Picture of the lungs.
The bronchoscope (which is a long thin black tube, with a light on the end, is passed through the windpipe into the larger air tubes called bronchi. It is possible to sample the lining of the bronchi (we call these tiny sample biopsies). It is also possible to gently brush the lining of the bronchi to get cells, and also to wash the lining of the bronchi - we call these samples (rather unimaginatively) brushings and washings.
Looking into the lungs using a bronchoscope.
We are able to take samples from within the lungs by passing a fine wire down the bronchoscope, as you can see.
Patient information about bronchoscopy
Please follow these instructions on the day that you are coming into hospital:
Please do not eat or drink after a light breakfast and not after 8am.
No jewellery (including body piercings) should be worn. You can wear your wedding ring if you wish, but this may be taped over for safety reasons.
If you wear contact lenses, please bring storage boxes and solution as you will have to take out your lenses.
Do not bring any valuables with you to hospital.
Please bring a dressing gown, nightdress / pyjamas, slippers, wash bag and something to read.
Only bring small amounts of money into hospital.
Do not wear any make-up or nail polish.
Bring all your current medication with you.
If you can’t attend please let us know as soon as possible by calling:
Bronchoscopy team: 01224 - 551982
What is a bronchoscopy?
A bronchoscopy is an examination of the major air passages of the lungs.
It is done so that your chest doctor can look inside your lungs.
The doctor will insert a bronchoscope, a flexible tube about the width of a pencil with a bright light at the end, through your mouth (or occasionally your nose) and into your windpipe (trachea).
Bronchoscopy is performed under sedation. This means that you are given drugs which make you drowsy so that you may not remember anything about the procedure.
What is a bronchoscopy for?
There are many reasons for having a bronchoscopy. These include:
Coughing up blood -to find the source and cause
A persistent cough - to find the source and cause
An abnormal chest X-ray
How is bronchoscopy performed?
The procedure is performed in a surgical theatre.
A small plastic needle is inserted into a vein so that additional medications can be given.
You will be made comfortable on a couch in either a lying or a sitting position.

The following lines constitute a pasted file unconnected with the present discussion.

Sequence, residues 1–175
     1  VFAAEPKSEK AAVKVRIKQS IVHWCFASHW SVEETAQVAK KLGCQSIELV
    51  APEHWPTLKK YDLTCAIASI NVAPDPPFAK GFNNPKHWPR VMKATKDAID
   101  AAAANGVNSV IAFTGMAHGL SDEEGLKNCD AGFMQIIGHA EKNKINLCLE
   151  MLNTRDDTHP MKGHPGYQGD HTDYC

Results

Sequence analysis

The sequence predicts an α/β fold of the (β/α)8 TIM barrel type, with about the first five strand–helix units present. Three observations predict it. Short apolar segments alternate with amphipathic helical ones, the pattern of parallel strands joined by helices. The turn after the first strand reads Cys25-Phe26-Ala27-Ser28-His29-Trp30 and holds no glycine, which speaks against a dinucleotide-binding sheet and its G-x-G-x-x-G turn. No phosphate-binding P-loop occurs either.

We will connect you to a heart and blood pressure monitor.
You will be given extra oxygen through a soft plastic tube placed just inside your nostril during the examination.
At this point, sedative medication may be given through your plastic needle.
A mouth guard is placed in your mouth.
The bronchoscopy tube then goes into your mouth, throat, through your vocal cords and into your windpipe and lung.
When it goes through your vocal cords, you may feel like you can’t catch your breath. This feeling is not unusual and is temporary. Your doctor will stop to let you catch your breath before continuing the examination.
During the procedure, local anaesthetic will be given through the bronchoscopy tube to help relieve any coughing. You can help by taking slow, shallow breaths through your mouth. Try not to talk while the tube is in your lungs. Talking can make you hoarse or give you a sore throat after the procedure.
The procedure usually takes about 15 to 20 minutes to allow the doctor to examine the areas carefully. A biopsy (sample) is often taken from the inside of the lungs. This involves removing a small piece of tissue from a particular area.
You may feel pressure or tugging when the biopsy specimens are taken. However, you are not likely to have any pain. When the examination is finished the bronchoscope is removed quickly and easily, causing no discomfort.
How safe is bronchoscopy?
Bronchoscopy is a safe diagnostic procedure and carries little risk.
Complications are not common.
If they occur, the more common ones are hoarseness, fever and coughing up blood.
Only rarely do people have other more serious complications.
What is endobronchial ultrasound (EBUS)?
Some people have enlarged lymph glands within their chest which need further investigation.
This can be done during a bronchoscopy by passing a needle (under direct vision) into a lymph gland and taking a sample of tissue.
This is a painless biopsy procedure and can often avoid a more invasive surgical procedure.
What happens after a bronchoscopy?
We will observe you until you are awake enough to leave hospital (the same day or day after).
Tell the nurse if you have any chest pain, difficulty breathing or notice a large amount of blood (more than one tablespoon) in your saliva.
It is normal to cough up a small amount of blood for a couple of days afterwards.
As the procedure is done under sedation you can’t eat or drink anything for at least 2 hours because your throat will still be numb. There is also a danger that you could inhale food or drink into your lungs.
You MUST make arrangements for home.
What should I do after I go home?
For 24 hours after bronchoscopy you are strongly advised:
Not to drink alcohol
To take your usual medication unless advised not to by your doctor or the hospital team
Not to drive or cycle
Not to operate machinery, including kitchen equipment
Not to sign any legal documents or make important decisions
Not to be alone at night
When will I get the results?
The results of any samples taken may take four to five days. Before going home we will give you an appointment to return for your results.
Video footage of a bronchoscopy
This is a YouTube video of what bronchoscopy involves.
Some people get squeamish looking at these sorts of pictures, but others are keen to get as much information as possible, so have a look if so.
In Aberdeen we do things fairly similarly, although the doctors doing the test usually pass the flexible camera through the mouth (rather than the nose) - this is much more comfortable.